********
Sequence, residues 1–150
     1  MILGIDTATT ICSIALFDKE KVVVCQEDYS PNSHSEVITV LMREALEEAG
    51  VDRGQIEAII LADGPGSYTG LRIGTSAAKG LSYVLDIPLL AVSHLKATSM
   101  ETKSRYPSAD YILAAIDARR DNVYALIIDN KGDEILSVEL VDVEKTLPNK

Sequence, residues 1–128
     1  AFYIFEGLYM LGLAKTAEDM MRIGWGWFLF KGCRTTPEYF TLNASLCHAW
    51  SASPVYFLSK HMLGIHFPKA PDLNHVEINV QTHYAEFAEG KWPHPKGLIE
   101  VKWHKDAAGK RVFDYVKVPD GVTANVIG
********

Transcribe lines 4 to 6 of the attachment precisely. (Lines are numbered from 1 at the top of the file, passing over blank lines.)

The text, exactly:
   101  ETKSRYPSAD YILAAIDARR DNVYALIIDN KGDEILSVEL VDVEKTLPNK

Sequence, residues 1–128
     1  AFYIFEGLYM LGLAKTAEDM MRIGWGWFLF KGCRTTPEYF TLNASLCHAW